I still wanted to write something Serious, and Political – but also something with jokes and irreverence and action and stage directions I’d love to see on stage but hadn’t a clue if they were possible. In the end, my intent was to write something that would give an audience a good night out.
Can you tell us a bit about your journey as a playwright?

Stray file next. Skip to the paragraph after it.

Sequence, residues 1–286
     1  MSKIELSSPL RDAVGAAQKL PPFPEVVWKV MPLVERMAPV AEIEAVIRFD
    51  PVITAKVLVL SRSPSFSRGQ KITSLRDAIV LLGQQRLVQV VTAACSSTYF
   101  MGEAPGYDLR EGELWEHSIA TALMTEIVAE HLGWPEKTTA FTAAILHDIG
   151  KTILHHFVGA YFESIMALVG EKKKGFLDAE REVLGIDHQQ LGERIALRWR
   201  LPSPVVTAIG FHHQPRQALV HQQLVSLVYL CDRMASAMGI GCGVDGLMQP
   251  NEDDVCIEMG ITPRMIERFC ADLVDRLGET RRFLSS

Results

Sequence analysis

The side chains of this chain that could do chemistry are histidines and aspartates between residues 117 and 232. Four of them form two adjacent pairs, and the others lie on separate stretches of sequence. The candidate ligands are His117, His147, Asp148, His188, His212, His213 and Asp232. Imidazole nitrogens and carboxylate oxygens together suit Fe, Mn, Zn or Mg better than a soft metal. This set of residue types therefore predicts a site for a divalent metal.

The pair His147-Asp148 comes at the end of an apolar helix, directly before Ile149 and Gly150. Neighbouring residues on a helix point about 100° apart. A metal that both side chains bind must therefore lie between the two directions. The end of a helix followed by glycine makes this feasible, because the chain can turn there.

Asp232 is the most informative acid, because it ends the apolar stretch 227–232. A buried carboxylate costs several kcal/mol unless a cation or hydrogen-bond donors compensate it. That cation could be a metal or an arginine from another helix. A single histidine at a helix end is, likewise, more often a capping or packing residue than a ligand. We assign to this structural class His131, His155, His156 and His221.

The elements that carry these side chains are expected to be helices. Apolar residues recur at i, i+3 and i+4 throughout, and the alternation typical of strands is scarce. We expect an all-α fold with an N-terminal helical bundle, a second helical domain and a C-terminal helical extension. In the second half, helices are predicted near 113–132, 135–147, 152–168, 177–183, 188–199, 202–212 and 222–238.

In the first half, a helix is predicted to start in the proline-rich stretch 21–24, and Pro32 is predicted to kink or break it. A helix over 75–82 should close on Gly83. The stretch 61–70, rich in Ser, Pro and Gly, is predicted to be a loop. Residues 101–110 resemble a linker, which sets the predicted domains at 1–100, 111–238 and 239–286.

I’ve always written but I don’t suppose I’d ever thought of myself as much of a writer. I enjoyed watching plays by the Harvey Street Methodist Church players with my Mum – they were usually farces or thrillers, but I remember a good production of Talking Heads. I also loved acting in musicals at school, and with a youth amateur dramatics society. It was really though at University I thought about writing plays – I studied Music at Manchester, and as the course was never for me, I deferred to the drama department whenever possible. It was as part of the society’s annual festival that I saw a production Orphans by Dennis Kelly. I left wanting to write something that made other people feel the same way I did leaving that play. So when I found out the drama society took a play to the Edinburgh Fringe each year, I was given the motivation [deadline] to write my first play, ‘Strangeways’.